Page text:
Can We Have Your Trash?Guatemala has a different and equally as unique way of recycling their trash from the way Sweden has engineered.  During my 7-month stay I got to know the Guatemalan recycling process a little better.  Not only do people work in the Guatemala City Dump scavenging through waste when it arrives, but people accompany the trash along the entire route from the second something is thrown in the trash until it reaches the Guatemala City Dump.

Can We Have Your Trash?One day I visited La Terminal, an area bustling with buses and people coming and going and a wide variety of stores selling everything from fruit to handmade charcoal.  La Terminal is also home to many people living in extreme poverty.  We visited an area where waste from the stores and people was dumped.  I saw people quickly scavenging through the waste as it was dumped to find fruits and vegetables that could still be eaten.  My heart broke for these people who didn’t have the means to otherwise obtain fruits and vegetables.

Can We Have Your Trash?Considering the amount of garbage a country can produce, you have to be very creative in ways to cut down national waste.  Guatemala is no exception.  While in Guatemala, I have seen very innovative and impressive ways of recycling waste.  One of the most commonly used recycled products is plastic bottles.  Our partner organization, Lemonade International recently implemented the installation of solar lightbulbs made of recycled soda bottles in homes in La Limonada.  (Click here for the full story.)  Many other non-profit organizations have used plastic bottles to build walls for schools across Guatemala. (Click here for more information.)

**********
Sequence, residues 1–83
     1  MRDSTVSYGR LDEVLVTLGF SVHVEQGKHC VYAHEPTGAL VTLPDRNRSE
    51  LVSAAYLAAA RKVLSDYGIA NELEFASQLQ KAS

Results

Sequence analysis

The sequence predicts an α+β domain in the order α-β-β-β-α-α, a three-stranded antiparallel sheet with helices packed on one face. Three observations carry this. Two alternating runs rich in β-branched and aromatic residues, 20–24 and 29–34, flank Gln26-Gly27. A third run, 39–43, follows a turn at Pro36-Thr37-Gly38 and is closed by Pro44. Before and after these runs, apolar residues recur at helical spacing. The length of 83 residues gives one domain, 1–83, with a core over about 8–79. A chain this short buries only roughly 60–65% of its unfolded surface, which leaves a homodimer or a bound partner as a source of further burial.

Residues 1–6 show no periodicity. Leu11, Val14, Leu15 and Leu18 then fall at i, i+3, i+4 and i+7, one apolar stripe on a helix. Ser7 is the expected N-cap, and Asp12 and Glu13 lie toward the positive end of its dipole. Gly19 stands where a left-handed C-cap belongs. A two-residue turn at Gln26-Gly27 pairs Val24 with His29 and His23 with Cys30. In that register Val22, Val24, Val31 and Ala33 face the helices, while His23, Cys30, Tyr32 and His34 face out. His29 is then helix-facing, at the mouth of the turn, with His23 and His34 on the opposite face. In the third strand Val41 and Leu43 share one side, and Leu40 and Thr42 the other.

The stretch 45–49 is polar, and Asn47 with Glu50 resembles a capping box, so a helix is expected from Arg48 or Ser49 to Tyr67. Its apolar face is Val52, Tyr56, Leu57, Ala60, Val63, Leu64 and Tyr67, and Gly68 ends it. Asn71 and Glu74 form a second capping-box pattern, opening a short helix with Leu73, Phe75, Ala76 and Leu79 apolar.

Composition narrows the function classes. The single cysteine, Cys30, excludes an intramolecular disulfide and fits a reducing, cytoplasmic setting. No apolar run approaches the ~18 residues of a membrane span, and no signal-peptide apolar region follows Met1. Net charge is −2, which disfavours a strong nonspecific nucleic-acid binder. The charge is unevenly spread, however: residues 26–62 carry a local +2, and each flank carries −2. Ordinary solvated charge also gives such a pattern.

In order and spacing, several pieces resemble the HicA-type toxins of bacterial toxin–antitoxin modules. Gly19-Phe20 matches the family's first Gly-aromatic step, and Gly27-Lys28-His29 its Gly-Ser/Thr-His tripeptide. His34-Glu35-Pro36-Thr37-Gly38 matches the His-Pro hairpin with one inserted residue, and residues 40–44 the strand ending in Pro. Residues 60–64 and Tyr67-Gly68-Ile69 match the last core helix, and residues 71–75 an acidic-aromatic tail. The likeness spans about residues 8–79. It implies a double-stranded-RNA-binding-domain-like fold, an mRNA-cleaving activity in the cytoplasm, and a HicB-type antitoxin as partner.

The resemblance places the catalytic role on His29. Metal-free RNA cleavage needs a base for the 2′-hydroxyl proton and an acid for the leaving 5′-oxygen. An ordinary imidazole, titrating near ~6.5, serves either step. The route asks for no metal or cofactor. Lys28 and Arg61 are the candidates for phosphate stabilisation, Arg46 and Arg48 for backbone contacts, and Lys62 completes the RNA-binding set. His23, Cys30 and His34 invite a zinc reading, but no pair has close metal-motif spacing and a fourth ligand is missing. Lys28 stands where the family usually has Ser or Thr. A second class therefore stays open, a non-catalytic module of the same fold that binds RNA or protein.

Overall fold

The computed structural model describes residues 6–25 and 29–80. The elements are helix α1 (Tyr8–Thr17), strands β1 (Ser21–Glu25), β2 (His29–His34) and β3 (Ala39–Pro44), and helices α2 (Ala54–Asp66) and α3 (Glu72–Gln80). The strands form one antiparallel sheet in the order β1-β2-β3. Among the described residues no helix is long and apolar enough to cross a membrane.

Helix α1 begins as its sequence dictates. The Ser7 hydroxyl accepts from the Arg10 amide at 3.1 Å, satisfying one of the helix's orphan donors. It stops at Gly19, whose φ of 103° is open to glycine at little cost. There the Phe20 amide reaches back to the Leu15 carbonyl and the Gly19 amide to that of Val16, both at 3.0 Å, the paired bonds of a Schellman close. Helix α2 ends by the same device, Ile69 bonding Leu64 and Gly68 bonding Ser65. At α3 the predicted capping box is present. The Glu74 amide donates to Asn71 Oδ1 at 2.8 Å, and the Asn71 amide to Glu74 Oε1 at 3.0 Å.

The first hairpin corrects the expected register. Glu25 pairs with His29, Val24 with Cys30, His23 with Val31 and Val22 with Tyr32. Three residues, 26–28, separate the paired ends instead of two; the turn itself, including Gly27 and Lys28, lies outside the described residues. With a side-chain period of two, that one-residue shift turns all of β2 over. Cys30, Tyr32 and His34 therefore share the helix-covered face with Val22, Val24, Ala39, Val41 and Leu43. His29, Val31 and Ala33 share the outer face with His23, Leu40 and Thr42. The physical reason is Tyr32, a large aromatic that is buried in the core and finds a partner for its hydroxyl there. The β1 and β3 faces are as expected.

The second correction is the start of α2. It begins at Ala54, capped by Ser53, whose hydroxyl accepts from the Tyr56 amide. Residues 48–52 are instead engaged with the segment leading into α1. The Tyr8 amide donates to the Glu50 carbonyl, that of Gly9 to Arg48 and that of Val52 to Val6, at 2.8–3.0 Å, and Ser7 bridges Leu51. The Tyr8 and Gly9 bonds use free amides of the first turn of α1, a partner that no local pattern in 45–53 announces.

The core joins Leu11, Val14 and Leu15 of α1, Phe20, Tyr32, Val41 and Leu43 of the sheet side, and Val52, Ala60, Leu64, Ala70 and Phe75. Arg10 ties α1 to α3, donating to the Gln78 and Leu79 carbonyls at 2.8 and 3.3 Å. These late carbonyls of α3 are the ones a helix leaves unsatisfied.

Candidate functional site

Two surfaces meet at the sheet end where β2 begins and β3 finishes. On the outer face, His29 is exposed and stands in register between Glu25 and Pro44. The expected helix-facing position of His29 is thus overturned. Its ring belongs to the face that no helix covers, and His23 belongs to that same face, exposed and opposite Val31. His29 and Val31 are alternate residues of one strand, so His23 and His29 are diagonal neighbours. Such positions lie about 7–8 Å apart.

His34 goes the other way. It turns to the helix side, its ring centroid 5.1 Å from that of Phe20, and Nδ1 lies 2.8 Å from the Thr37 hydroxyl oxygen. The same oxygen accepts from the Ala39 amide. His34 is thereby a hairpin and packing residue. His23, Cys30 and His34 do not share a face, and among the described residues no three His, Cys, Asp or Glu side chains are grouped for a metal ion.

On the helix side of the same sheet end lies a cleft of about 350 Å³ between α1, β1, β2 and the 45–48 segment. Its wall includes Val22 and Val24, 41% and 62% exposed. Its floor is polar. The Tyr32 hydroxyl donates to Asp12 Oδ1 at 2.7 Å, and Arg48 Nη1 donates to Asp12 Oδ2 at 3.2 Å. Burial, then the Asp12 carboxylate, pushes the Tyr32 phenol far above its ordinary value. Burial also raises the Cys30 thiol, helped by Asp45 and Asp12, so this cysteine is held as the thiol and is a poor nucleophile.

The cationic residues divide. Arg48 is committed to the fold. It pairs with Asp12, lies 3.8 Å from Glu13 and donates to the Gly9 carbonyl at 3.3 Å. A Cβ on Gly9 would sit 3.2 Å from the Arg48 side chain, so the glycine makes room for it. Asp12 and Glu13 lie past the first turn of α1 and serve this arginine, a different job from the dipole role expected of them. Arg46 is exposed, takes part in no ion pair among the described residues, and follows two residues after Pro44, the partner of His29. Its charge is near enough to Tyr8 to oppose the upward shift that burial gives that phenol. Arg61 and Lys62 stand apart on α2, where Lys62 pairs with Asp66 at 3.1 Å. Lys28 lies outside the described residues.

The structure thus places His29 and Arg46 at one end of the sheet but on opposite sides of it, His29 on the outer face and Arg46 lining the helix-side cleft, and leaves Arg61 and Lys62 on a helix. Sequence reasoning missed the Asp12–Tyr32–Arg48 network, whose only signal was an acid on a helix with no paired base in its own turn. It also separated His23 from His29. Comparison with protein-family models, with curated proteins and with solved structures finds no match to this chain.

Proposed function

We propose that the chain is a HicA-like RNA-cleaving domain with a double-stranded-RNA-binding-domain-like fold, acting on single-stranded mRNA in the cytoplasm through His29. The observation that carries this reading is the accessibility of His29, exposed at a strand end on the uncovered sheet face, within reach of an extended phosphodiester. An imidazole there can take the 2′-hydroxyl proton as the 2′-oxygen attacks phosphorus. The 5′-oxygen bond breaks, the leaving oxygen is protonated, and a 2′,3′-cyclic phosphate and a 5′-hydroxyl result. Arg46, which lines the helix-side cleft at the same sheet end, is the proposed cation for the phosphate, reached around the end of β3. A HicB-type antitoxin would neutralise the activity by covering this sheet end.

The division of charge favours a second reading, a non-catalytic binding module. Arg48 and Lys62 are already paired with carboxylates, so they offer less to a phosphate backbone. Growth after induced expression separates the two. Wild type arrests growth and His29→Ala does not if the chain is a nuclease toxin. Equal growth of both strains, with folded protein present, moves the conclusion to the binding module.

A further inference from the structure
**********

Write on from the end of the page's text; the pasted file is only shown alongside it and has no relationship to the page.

Here in the United States, we recycle but not as efficiently as some other countries.  In the United States, where the EPA says 250 million tons of trash was generated in 2010 alone, only about 34 percent was recycled.  Looks like we should be taking notes!  In order to make a difference, each country world-wide must do their part.  Even though Sweden and Guatemala have well established methods for recycling, “We live in a world where nearly 70 percent of deep sea Arctic creatures are in contact with human trash like plastic bags and beer bottles.” – The Two Way

Self-Portrait Collage Class at Art Camp

I (Amelia Moore) had the honor of teaching a collage class again at this year’s Art Camp. In addition to photography, I have a love for the creative art of collage. I love working with various materials to create an art piece! For me, its an exciting challenge to search through materials I have on hand like old tags, materials, photos, coins, paper or discarded bags; and of course it’s always fun to shop for new materials. Then it’s fun to use a variety of techniques combine all the materials to make one beautiful masterpiece! The kids also love creating a collage piece because they get to try several different techniques and learn how to use materials around them as supplies for their art piece (like painting with beets or making their piece 3D with recycled trash)!